I don’t know about you, but my journals are usually the first step in my figuring crap out. A kind of putting my thoughts into written form that is the first step towards saying it out loud. Things I’m not sure I’m ALLOWED to say out loud.
And then, almost magically, after writing my thoughts in these books, a moment presents itself and I realize that perhaps I’m not the only one questioning whether something is okay. Or I am reminded of a lesson I must teach my children.
And yesterday was no exception.
My 13 year old returned from having spent two days here with her girlfriend, then another two days at her girlfriend’s house, followed by another night at another friend’s house and she was sleep-deprived and desperately needed to recharge at home, surrounded by family.
“There’s some dance starting at 6pm.” She said, showing me the notification her phone.
I took one look at her and shook my head. “Go out again tonight? No way. You look like you are ready to fall over. I think you should stay home.”
The relief was plain in her face. “Thanks, Mom.”
It made me realize something very important. Despite my best efforts to raise a child who is confident, kind, and caring – all things that Emily is – I had also somehow encouraged her to put others before herself. I think that our culture in general does this. In most cases, women still handle a majority of the house work, despite men being more than capable. They often also deal with the organization of the home – maintaining calendars, seeing that the family members make it to events, doctor’s appointments, and more. I handle all of that, the family finances, and even gift-giving for our family.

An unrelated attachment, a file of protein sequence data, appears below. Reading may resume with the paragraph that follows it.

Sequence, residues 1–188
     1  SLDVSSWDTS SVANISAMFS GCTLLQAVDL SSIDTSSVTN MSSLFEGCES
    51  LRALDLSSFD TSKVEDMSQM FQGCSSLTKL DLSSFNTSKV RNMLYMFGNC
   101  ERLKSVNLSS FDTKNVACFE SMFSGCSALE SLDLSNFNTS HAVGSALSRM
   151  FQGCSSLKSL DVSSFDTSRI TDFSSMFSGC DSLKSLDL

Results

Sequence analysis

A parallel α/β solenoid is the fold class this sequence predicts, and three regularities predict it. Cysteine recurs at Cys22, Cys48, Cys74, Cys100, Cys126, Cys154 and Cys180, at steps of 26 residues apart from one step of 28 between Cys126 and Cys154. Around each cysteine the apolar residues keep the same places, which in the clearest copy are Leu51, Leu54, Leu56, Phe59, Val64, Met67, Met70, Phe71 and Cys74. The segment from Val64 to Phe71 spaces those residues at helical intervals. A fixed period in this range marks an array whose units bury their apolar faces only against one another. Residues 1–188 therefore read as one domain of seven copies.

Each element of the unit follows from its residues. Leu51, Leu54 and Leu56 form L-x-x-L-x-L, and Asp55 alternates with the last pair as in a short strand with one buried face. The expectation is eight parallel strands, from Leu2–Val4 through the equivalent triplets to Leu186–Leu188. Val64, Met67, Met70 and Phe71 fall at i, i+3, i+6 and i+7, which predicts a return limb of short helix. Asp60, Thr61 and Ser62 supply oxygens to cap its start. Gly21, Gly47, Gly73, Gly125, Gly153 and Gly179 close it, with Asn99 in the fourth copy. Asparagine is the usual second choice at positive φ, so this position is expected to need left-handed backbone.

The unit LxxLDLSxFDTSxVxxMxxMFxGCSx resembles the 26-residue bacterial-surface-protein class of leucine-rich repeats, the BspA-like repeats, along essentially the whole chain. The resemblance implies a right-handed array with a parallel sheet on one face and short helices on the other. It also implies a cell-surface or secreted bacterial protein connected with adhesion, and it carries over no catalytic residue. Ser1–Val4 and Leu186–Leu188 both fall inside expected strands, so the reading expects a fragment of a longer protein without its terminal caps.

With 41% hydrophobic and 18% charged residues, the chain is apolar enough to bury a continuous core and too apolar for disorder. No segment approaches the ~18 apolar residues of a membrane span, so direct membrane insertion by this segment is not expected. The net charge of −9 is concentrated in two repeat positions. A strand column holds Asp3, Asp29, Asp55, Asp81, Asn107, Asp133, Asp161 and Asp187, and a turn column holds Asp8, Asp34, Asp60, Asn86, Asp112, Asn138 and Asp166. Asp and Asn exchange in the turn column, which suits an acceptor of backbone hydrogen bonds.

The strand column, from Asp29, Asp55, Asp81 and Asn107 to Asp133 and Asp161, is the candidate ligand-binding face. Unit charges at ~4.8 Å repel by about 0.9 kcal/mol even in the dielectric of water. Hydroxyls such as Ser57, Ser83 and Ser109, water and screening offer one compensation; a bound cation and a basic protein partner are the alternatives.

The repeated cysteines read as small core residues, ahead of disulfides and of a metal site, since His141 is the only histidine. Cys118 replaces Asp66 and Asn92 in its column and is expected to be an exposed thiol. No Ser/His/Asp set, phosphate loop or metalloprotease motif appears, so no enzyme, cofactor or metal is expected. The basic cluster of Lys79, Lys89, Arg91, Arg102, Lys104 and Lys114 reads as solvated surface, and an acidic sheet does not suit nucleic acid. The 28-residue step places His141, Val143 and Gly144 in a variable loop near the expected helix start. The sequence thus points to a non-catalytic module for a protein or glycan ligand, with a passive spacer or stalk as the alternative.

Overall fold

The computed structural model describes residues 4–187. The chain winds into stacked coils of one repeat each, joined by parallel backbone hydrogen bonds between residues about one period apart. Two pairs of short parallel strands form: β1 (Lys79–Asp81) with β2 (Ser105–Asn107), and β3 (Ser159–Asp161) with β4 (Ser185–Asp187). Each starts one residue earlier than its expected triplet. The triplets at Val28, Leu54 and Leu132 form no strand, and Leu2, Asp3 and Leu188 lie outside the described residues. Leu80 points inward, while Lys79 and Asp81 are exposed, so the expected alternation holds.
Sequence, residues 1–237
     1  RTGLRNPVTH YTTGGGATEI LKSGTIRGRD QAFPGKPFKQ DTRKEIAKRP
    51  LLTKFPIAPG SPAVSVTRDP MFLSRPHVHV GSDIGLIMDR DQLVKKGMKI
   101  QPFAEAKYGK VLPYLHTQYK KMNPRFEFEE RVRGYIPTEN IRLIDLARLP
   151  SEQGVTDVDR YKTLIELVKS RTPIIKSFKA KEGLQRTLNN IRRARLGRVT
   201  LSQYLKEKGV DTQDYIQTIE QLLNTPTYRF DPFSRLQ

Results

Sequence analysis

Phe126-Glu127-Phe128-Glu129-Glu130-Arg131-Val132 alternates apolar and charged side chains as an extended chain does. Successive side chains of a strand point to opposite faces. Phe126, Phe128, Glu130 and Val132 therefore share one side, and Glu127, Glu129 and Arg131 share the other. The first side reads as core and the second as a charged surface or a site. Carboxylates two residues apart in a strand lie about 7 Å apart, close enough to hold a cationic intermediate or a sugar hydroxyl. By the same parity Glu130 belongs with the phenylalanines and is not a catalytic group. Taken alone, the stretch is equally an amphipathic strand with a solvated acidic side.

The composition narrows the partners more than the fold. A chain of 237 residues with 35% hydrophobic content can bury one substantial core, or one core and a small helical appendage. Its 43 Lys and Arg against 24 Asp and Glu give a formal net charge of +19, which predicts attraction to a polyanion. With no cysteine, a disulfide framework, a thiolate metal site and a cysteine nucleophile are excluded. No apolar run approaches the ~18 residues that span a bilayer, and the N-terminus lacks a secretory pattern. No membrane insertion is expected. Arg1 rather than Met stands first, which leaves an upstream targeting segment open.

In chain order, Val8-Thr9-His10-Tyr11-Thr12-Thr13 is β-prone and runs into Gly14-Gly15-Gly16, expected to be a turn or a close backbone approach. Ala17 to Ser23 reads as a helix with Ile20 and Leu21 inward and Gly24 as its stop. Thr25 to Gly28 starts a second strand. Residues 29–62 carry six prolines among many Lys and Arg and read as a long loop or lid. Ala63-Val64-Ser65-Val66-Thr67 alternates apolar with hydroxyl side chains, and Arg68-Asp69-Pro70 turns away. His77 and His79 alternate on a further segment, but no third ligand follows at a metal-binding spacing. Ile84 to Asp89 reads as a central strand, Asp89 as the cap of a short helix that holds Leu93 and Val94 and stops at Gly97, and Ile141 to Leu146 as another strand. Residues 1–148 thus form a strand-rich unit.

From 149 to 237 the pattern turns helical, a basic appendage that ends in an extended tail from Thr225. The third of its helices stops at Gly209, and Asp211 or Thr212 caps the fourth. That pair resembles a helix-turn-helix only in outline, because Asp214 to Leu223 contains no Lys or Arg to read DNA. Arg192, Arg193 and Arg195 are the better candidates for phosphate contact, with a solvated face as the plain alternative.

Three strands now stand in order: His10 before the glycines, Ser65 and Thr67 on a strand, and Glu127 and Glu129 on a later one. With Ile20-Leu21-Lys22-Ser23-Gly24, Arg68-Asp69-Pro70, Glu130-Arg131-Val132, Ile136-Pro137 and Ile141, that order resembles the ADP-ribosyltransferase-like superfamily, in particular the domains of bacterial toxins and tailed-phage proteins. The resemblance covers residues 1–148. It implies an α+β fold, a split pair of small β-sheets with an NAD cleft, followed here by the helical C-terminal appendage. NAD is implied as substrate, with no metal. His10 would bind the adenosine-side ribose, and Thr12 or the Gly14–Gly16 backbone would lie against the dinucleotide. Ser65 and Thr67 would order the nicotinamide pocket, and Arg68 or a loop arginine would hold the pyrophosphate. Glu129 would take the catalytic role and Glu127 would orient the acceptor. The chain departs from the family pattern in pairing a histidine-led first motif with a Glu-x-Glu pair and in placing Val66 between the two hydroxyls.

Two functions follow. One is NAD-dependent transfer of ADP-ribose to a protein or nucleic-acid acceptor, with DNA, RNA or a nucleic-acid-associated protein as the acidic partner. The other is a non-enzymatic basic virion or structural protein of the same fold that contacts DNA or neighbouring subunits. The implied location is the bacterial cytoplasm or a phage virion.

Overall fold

And that isn’t BAD necessarily, but it puts an onus of responsibilities upon us. Such that, sometimes, if we aren’t careful, we lose ourselves in the clutter of running a household, children, career and more.
I don’t want to teach my children to sacrifice their own needs and wants by saying “I should” instead of “I want” too often. I don’t want to lose my sense of self or teach my daughters the message that fulfilling everyone else’s needs and desires should come first.
So I told her about my “year of ME” as I’m referring to it. And don’t get me wrong. The bills will still get paid. The house will still be cleaned. The work will still be done. But those things that I often dismiss, those “I wants” that I often set aside in exchange for “I should” or “I need to do this” – well, I’m going to do my best to ask myself each morning what I want to do in the day. And as best as I can, to accommodate those wishes and desires into each day of the year.
It isn’t intended to be selfish. Instead, I think of it as being intentional and positive.
This year seems special. Turning 30, and then 40, they didn’t affect me overly much. But 50 seems like a hell of a big deal. Half a century, after all!
I want to recognize this milestone and open myself up to the possibilities that the next 30-40 years have waiting for me. I welcome you, in whatever age or stage you are in, to do the same. Every morning ask yourself, what do YOU want to see happen today? For yourself, for others. What will my year of me look like? What will yours?